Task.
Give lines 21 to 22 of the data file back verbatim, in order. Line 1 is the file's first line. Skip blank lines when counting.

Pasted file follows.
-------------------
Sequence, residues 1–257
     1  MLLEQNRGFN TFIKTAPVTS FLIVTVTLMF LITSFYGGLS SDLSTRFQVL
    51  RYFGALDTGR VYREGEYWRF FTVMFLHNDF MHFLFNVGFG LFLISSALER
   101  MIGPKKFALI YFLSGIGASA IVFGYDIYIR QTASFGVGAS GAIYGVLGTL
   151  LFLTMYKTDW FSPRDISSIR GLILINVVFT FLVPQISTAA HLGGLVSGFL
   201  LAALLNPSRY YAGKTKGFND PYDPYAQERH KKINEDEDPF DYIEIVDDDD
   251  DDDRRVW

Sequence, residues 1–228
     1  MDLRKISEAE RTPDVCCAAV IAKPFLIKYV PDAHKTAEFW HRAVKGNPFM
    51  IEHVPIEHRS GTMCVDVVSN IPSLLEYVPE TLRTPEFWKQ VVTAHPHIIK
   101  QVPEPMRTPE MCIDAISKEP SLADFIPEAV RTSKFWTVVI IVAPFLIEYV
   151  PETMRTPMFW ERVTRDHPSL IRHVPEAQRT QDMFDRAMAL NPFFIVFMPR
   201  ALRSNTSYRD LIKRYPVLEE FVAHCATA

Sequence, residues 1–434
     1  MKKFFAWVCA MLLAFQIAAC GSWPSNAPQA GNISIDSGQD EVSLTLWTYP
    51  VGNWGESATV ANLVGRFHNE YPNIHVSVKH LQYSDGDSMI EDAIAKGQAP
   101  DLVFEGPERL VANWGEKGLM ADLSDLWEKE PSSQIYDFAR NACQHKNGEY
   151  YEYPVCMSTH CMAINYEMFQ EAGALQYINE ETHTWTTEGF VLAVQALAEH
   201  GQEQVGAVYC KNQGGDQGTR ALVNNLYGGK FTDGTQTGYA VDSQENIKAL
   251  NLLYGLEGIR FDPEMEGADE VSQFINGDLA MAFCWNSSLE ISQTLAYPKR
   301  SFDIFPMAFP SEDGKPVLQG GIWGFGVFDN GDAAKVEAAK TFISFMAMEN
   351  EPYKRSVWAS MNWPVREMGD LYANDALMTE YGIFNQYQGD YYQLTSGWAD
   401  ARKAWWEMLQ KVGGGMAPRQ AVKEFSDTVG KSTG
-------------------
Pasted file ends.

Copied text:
   301  SFDIFPMAFP SEDGKPVLQG GIWGFGVFDN GDAAKVEAAK TFISFMAMEN
   351  EPYKRSVWAS MNWPVREMGD LYANDALMTE YGIFNQYQGD YYQLTSGWAD